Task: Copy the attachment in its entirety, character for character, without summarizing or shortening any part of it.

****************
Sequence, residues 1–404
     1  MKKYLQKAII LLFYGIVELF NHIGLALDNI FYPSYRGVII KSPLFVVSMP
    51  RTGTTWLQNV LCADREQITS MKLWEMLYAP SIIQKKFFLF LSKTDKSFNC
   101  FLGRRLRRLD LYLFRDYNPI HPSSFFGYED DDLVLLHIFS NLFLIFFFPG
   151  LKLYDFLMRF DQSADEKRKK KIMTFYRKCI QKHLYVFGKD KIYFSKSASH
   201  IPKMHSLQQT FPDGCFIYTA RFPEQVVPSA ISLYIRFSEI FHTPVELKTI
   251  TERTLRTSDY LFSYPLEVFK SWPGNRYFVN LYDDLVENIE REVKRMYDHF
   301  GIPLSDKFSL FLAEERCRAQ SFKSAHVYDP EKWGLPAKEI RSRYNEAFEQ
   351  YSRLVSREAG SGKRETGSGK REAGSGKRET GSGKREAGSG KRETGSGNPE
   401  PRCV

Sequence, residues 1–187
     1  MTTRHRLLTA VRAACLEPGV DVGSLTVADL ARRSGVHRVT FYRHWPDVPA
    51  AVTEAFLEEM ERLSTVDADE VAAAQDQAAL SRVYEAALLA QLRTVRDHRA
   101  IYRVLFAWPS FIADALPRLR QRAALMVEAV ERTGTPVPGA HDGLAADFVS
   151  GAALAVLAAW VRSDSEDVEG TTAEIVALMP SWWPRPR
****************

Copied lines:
Sequence, residues 1–404
     1  MKKYLQKAII LLFYGIVELF NHIGLALDNI FYPSYRGVII KSPLFVVSMP
    51  RTGTTWLQNV LCADREQITS MKLWEMLYAP SIIQKKFFLF LSKTDKSFNC
   101  FLGRRLRRLD LYLFRDYNPI HPSSFFGYED DDLVLLHIFS NLFLIFFFPG
   151  LKLYDFLMRF DQSADEKRKK KIMTFYRKCI QKHLYVFGKD KIYFSKSASH
   201  IPKMHSLQQT FPDGCFIYTA RFPEQVVPSA ISLYIRFSEI FHTPVELKTI
   251  TERTLRTSDY LFSYPLEVFK SWPGNRYFVN LYDDLVENIE REVKRMYDHF
   301  GIPLSDKFSL FLAEERCRAQ SFKSAHVYDP EKWGLPAKEI RSRYNEAFEQ
   351  YSRLVSREAG SGKRETGSGK REAGSGKRET GSGKREAGSG KRETGSGNPE
   401  PRCV

Sequence, residues 1–187
     1  MTTRHRLLTA VRAACLEPGV DVGSLTVADL ARRSGVHRVT FYRHWPDVPA
    51  AVTEAFLEEM ERLSTVDADE VAAAQDQAAL SRVYEAALLA QLRTVRDHRA
   101  IYRVLFAWPS FIADALPRLR QRAALMVEAV ERTGTPVPGA HDGLAADFVS
   151  GAALAVLAAW VRSDSEDVEG TTAEIVALMP SWWPRPR